whether intrusion for intelligence gathering can be distinguished from apparently were not conducted by military personnel but were coincident
intrusion for potential sabotage. An agreement may be realizable only by with military operations.
forswearing both.
132. Defense Science Board, Resilient Military Systems and the Advanced Cyber
124. Some would diminish these difficulties, but raise others, by advocating Threat, sketches a similar hierarchy of capabilities.
the more sweeping approach of defining any state use (or state-sanctioned
use) of cyber to attack as a “use of force” as prohibited in U.N. Charter Article 133. See, for example, North American Network Operators’ Group, “About
2(4) (“All members shall refrain in their international relations from the threat NANOG,” nanog.org, July 8, 2014, https://www.nanog.org/about/home;
or use of force against the territorial integrity or political independence of any and Project Honey Pot, projecthoneypot.org, July 8, 2014, http://www.
state, or in any other manner inconsistent with the purposes of the United projecthoneypot.org/about_us.php.
Nations.”)
134. The National Science Foundation and, abroad, the British government
125. The difficulties of controlling cyber weapons stem not only from their and the European Union have made some investments in this research. The
proliferation but also from their unpredictability. The complexity and science foundation has supported a notable collaborative effort between
interactivity described in Section III make software effects less predictable groups at the University of California, Berkeley, and the University of
than the explosive effects of nuclear and conventional weapons. Cyber California, San Diego. The character and evolution of that work is well-
deterrence, response and confidence building all need to give unintended described in Farrow, “Interview with Stefan Savage: On the Spam Payment
consequences greater weight in their planning than in equivalent thinking Trail.” There, Professor Stefan Savage traces the history of the group from the
about other weapons. This both strengthens the motivation for confidence time “[w]e came to see that our community had a … poor understanding
building and makes it more difficult to achieve. of the value chain for economically motivated attackers and thus didn’t
understand that our various technical interventions actually played minor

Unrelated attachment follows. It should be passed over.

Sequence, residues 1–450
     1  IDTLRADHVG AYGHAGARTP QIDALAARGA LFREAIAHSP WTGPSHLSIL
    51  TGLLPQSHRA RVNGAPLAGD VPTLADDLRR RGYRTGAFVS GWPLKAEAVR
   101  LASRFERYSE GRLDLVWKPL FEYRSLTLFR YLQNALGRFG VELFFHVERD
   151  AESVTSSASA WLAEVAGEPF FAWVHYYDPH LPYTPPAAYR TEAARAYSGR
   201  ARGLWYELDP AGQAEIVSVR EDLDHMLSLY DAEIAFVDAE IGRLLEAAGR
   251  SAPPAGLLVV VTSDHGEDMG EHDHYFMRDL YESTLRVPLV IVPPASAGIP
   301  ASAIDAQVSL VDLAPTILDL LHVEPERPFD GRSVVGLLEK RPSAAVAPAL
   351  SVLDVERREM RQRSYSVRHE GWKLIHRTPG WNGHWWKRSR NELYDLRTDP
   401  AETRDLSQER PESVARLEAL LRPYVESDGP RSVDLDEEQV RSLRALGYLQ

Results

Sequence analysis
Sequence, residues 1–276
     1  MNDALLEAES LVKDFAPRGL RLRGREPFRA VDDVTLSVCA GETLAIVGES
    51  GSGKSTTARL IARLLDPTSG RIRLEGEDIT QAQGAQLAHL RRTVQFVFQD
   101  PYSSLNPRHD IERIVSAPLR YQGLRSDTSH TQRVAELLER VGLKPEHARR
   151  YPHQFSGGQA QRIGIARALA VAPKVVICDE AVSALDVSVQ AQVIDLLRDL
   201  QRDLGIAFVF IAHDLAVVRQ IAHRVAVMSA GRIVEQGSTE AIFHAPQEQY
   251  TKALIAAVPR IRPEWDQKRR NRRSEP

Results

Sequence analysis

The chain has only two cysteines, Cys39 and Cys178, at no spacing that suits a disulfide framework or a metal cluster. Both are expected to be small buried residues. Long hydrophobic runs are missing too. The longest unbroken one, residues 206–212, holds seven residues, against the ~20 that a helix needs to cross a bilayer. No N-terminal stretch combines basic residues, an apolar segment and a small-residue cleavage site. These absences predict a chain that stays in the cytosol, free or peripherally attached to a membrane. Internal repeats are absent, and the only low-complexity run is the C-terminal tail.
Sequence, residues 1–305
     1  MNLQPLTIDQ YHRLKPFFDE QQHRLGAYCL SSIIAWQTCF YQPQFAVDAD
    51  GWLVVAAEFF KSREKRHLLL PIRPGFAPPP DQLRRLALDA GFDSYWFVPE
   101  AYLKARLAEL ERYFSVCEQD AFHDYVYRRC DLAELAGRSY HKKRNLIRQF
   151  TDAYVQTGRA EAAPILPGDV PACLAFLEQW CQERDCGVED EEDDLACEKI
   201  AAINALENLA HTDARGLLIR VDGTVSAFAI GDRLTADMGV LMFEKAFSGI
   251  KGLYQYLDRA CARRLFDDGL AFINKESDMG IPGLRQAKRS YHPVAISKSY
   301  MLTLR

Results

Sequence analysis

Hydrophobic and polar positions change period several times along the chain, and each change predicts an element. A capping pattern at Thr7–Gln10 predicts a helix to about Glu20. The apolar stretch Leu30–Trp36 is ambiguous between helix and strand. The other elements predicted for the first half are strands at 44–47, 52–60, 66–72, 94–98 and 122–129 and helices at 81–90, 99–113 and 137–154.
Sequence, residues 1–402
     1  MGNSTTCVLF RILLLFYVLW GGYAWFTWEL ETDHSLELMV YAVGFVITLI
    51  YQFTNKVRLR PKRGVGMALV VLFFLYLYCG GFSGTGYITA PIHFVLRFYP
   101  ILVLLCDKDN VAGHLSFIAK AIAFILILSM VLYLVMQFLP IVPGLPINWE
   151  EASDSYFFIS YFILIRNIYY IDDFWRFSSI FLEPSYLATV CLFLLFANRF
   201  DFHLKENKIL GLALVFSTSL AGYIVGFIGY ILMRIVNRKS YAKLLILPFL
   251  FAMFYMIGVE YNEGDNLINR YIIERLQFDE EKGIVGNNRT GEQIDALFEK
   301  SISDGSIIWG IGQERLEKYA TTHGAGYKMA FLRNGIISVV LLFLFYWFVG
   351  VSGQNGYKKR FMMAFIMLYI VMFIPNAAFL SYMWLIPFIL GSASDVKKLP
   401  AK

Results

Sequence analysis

126. Jim Miller comments that “If this were only a 3-way agreement, roles, at best, in mitigating their actions. …. [W]e started thinking much
our allies and partners would ask why we have left them out of this more holistically about our security work, trying in particular to understand
protective agreement, and would likely be concerned more broadly about what the underlying economic models were and how we might access those
our commitment to their security. On the other hand, if we extend this through measurement.” Farrow, “Interview with Stefan Savage: On the Spam
understanding to all countries, we could be tying our hands regarding the Payment Trail,” 7-8. And see Savage’s summary of his perspective on Page 19.
use of cyber against other actors. One possibility is that we could expand any
understanding but state that we have an exclusion – that this applies only to 135. For a general description, see Greenberg, “Shopping for Zero-Days: A
countries that are in accord with their international obligations under the UN Price List For Hackers’ Secret Software Exploits.”
charter including the NPT (much as we do for our negative security assurance
regarding nuclear use). This would put Iran and North Korea in particular 136. For a readily accessible example of what can be acquired online, see Kali
outside of the agreement.” Correspondence with the author, May 23, 2014. Linux, an open source project that conducts digital forensics and penetration
testing, http://www.kali.org.
127. Some other examples would include ill-considered but prevalent factors
in how IT security budgets are determined, resistance and optimal response to 137. In an exemplary analysis in 2011, Dan Guido reported that in each of the
IT security centralization, the psychological and economic causes that prompt preceding two years the great majority of criminal attacks used only about a
excessive retention of insecure legacy systems and police agency priorities dozen exploits and virtually all of them were previously known. Guido, “The
that often privilege arrests and undervalue achievements that “merely” Exploit Intelligence Project.”
thwart disruption and theft.
138. Clay Wilson, “Botnets, Cybercrime, and Cyberterrorism: Vulnerabilities
128. Companies engaged in transportation, oil and gas exploration, and Policy Issues for Congress,” CRS Report RL32114 (Washington, DC: Library of
high-volume online retail sales, etc., will fall on a spectrum between these Congress, Congressional Research Service, January 29, 2008).
examples, administering their systems in ways that have some overlap and
139. O’Gorman and McDonald, “The Elderwood Project,” and Mandiant, “APT1:
some differences from these examples.
Exposing One of China’s Cyber Espionage Units,” http://intelreport.mandiant.
129. These paragraphs benefited from the insight of Stefan Savage of the com/Mandiant_APT1_Report.pdf, offer case study of Chinese attackers.
University of California, San Diego, and Brandon Wales, director of the DHS Mandiant labeled the group APT1. The phrase is well explained at Damballa,
48  |
“Advanced Persistent Threats: A Brief Description,” damballa.com, https:// Technology comments: “The manner in which investments are aggregated
www.damballa.com/knowledge/advanced-persistent-threats.php. and reported in the Federal Government in some cases tends to obscure the